( cust_id     NUMBER NOT NULL

, name       VARCHAR2(50)

, address     VARCHAR2(250)

, region     VARCHAR2(20)

, class       VARCHAR2(3)

, signup     DATE






Oracle Sharding automates the creation of tablespaces on all the shards as a unit called a tablespace set. The PARTITIONS AUTO clause specifies that the number of partitions should be automatically determined and mapped to the tablespaces.

The unit of data migration between shards is a chunk. A chunk is a set of tablespaces that collocate corresponding partitions of all tables in a table family. A chunk contains a single partition from each table of a set of related tables. This guarantees that related data from different sharded tables can be moved together. The number of chunks within each shard is specified when the SDB is created (default is 120 chunks per shard).

In addition to sharded tables, many applications require common reference data (e.g. Products) that needs to be accessed as part of the queries in the transactions. Multi-shard queries can be avoided by replicating the small number of read-only or read-mostly “non-shardable” tables across all shards. Replication of complete tables is a good choice for relatively small tables that are often accessed together with sharded tables. A table with the same contents in each shard is called a Duplicated Table. For example a Customers–Orders–Line Items schema may also include a Products table. This table contains data shared by all customers and cannot be sharded by the customer number. Instead, the entire table is duplicated on all databases to prevent multi-shard queries during order processing. In the example of the Products table, it is created using the CREATE DUPLICATED TABLE statement.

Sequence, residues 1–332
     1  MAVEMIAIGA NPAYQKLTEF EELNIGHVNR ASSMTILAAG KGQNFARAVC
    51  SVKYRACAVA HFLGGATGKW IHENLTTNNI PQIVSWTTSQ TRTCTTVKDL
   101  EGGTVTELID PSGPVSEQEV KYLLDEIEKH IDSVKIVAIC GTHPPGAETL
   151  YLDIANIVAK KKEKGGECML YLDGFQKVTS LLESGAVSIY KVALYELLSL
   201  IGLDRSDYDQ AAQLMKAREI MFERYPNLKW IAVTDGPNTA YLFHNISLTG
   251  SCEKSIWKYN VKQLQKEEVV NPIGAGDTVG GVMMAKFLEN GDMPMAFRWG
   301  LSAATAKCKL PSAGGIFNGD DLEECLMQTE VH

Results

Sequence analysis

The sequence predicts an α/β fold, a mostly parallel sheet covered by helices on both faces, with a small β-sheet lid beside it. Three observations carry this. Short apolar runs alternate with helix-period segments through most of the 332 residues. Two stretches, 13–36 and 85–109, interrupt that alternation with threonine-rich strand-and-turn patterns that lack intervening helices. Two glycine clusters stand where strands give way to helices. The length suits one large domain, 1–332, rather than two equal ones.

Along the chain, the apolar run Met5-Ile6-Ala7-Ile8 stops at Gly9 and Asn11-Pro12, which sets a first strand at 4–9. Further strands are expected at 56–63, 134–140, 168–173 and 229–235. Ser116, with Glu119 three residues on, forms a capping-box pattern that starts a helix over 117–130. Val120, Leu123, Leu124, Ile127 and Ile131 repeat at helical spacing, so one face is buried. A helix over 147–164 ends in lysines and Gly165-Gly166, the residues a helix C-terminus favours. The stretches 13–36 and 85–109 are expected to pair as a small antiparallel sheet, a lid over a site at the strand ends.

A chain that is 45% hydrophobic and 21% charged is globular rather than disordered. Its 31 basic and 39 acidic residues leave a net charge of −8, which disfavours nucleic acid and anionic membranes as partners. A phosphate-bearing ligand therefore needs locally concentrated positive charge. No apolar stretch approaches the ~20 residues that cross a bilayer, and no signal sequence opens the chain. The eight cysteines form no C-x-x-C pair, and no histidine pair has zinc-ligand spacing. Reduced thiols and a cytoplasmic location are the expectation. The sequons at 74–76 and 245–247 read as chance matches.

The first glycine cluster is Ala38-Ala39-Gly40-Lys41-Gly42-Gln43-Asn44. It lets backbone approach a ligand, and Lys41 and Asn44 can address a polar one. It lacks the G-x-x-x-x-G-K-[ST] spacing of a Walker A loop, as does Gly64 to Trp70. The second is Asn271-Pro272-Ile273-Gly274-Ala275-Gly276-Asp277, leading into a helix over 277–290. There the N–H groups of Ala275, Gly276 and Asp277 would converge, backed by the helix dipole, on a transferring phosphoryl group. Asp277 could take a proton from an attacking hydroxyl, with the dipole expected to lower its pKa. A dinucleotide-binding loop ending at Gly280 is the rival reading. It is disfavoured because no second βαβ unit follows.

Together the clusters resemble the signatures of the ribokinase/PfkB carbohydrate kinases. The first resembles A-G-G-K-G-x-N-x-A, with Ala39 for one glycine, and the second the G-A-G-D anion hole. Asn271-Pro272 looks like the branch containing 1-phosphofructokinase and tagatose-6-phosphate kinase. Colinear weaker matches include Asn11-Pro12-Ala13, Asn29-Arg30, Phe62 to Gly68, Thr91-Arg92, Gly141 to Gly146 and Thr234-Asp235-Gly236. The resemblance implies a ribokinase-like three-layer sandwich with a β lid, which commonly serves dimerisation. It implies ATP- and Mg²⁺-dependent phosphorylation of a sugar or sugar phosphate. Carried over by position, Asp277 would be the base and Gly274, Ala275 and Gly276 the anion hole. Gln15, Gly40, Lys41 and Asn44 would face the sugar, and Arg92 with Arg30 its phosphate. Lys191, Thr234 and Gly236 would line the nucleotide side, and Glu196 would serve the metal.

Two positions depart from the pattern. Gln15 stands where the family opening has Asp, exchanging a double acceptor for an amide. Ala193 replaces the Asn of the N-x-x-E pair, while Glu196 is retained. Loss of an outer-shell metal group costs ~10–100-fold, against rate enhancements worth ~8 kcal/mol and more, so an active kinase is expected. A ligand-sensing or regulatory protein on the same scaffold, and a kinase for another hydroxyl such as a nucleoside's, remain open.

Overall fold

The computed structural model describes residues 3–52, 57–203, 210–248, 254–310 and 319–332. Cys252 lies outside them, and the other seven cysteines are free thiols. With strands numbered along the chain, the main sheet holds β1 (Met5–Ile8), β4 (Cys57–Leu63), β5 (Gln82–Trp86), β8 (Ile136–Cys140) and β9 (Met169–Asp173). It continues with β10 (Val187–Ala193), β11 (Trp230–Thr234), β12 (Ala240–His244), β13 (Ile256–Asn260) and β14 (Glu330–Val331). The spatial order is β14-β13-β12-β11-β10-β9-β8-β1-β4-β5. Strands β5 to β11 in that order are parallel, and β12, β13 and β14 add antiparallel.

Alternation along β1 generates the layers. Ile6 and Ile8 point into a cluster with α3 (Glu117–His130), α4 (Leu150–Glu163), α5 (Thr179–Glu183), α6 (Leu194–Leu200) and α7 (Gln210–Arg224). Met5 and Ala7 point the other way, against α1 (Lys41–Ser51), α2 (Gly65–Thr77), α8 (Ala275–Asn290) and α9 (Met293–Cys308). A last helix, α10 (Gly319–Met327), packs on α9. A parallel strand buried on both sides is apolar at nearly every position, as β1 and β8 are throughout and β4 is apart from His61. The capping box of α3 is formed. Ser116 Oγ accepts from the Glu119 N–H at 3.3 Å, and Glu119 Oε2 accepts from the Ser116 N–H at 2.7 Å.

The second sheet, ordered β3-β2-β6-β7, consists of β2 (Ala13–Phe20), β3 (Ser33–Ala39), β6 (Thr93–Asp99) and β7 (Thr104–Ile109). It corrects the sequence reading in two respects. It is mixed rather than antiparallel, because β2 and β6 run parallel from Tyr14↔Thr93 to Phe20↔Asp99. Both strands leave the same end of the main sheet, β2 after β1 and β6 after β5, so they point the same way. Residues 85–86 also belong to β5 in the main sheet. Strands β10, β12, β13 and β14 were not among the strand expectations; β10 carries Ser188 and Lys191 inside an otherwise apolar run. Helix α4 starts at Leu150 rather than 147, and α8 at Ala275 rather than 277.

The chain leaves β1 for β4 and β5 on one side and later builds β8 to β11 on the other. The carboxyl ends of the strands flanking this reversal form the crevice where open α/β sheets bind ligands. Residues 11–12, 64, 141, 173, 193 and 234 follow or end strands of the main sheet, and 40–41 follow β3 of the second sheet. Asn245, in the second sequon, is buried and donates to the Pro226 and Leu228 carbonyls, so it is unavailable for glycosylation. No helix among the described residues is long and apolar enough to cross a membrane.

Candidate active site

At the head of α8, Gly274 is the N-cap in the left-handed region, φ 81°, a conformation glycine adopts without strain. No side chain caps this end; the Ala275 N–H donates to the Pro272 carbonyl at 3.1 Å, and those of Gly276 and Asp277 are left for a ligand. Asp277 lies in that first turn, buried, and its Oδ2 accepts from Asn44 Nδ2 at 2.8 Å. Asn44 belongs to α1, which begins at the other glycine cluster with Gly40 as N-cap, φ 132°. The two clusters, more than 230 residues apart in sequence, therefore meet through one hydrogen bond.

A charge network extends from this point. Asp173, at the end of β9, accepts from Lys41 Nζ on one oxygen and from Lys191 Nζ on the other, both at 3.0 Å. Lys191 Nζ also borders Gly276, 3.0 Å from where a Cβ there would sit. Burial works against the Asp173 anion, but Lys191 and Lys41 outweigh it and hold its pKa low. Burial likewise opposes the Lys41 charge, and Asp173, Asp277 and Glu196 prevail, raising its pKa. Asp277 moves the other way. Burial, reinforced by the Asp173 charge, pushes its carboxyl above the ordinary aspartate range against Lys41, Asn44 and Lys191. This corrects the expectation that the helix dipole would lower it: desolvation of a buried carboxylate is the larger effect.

The combination of sharded and duplicated tables enables all transactions associated with a sharding key to be processed by a single shard. This technique enables linear scalability and fault isolation.

Composite Sharding:

With composite sharding method, data is first partitioned by list or range (super_sharding_key) and then further partitioned by consistent hash (sharding_key). The two levels of sharding make it possible to map data to a set of shards, and then automatically maintain balanced distribution of data across that set of shards. Composite sharding is ideal for global data distribution where shards are placed in each geography and within a given geography data is uniformly distributed and enables linear scalability